- Learn as fast as they ship, and ship as fast as they learn
- Close the feedback loop by immediately implementing changes and measuring their impact in as little as hours

1338 Views
Morgan (Molnar) Lehmann
Morgan (Molnar) Lehmann
SurveyMonkey Senior Director, Head of Product & Solutions MarketingMarch 23

Organizations will typically have the most behavioral data on their own customers and visitors. They know what customers are doing (and not doing) on their platform... where they drop off in a conversion funnel, what they click on, how frequently they log in, the product/feature mix they have used/purchased. This wealth of information can inform where to focus on if conversion/renewal/repeat/expansion within your own customer base is the goal. In some cases, for example if you're experiementing with a new user flow using an A/B test, behavioral data may be all you need to make a decision to move forward. But behavioral data is limiting as it only deals with people who are on your platform and features/flows that already exist.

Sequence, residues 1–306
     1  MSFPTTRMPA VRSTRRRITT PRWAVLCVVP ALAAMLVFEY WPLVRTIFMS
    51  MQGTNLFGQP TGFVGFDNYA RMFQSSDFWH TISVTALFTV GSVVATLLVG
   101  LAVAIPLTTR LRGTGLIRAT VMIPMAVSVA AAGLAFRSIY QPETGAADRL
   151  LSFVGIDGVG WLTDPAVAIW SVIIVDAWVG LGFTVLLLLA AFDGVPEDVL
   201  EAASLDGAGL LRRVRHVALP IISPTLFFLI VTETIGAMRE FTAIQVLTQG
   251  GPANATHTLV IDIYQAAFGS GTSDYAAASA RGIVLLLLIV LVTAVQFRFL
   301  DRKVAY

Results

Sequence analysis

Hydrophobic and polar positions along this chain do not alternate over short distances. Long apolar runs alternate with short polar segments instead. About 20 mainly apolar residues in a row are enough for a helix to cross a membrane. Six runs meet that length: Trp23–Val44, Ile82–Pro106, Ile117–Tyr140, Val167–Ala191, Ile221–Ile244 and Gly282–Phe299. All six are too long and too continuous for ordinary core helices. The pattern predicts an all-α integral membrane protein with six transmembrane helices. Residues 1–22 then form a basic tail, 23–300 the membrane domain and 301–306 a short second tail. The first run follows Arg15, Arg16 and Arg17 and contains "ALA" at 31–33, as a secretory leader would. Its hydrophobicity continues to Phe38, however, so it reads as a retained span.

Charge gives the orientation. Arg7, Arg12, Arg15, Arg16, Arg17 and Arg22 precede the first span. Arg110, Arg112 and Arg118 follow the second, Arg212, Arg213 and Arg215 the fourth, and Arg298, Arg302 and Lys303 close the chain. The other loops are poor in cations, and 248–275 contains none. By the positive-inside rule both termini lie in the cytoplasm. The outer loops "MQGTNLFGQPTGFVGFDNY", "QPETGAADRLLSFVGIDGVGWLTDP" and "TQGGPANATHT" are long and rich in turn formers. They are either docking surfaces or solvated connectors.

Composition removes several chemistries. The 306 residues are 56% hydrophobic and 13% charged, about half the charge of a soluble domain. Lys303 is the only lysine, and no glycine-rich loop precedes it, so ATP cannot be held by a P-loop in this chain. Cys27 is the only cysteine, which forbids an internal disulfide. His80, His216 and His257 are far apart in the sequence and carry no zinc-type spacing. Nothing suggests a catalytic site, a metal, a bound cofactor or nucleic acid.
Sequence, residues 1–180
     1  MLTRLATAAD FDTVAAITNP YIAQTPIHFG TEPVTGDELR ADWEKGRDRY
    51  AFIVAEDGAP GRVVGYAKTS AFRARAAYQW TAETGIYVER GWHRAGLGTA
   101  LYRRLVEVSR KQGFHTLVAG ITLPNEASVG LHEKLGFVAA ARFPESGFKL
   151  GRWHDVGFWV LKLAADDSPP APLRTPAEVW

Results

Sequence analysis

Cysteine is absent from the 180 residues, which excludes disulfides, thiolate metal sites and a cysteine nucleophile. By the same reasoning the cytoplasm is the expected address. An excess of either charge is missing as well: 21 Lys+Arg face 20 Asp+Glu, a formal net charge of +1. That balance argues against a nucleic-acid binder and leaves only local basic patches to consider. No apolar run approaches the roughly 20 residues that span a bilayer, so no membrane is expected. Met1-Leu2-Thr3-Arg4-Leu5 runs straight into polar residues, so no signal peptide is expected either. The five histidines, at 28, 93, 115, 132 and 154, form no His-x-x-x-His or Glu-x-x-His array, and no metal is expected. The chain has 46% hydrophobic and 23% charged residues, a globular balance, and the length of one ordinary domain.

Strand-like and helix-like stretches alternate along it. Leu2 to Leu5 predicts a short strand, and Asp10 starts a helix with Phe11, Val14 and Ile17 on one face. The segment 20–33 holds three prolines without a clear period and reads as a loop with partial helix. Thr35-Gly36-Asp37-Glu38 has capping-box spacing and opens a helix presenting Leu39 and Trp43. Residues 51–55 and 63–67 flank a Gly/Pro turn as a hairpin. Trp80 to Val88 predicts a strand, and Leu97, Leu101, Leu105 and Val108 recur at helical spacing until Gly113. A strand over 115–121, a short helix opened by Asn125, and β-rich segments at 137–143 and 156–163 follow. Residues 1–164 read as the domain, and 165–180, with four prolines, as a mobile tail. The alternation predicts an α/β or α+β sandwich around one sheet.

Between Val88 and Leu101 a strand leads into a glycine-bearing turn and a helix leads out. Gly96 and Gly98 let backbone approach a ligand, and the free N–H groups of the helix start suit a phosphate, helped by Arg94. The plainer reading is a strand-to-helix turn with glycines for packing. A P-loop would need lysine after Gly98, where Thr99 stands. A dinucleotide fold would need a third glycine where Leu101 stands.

Market research can be used to complement behavioral data to provide additional context. It can provide the "why" behind behaviors and decisions people make. There are also other benefits. For one, you can reach a more representative group of people you don't already have access to to get an un-biased view of what your prospects or the market at large think. You can also get feedback on ideas earlier on in the development process. A great example would be feature prioritization. You could survey people to understand which features from a list you're considering would make people more likely to purchase/use your product.

I'd generalize this by saying market research is better for informing decisions around strategic direction and pre-development; behavioral data is better for informing post-development optimizations.

501 Views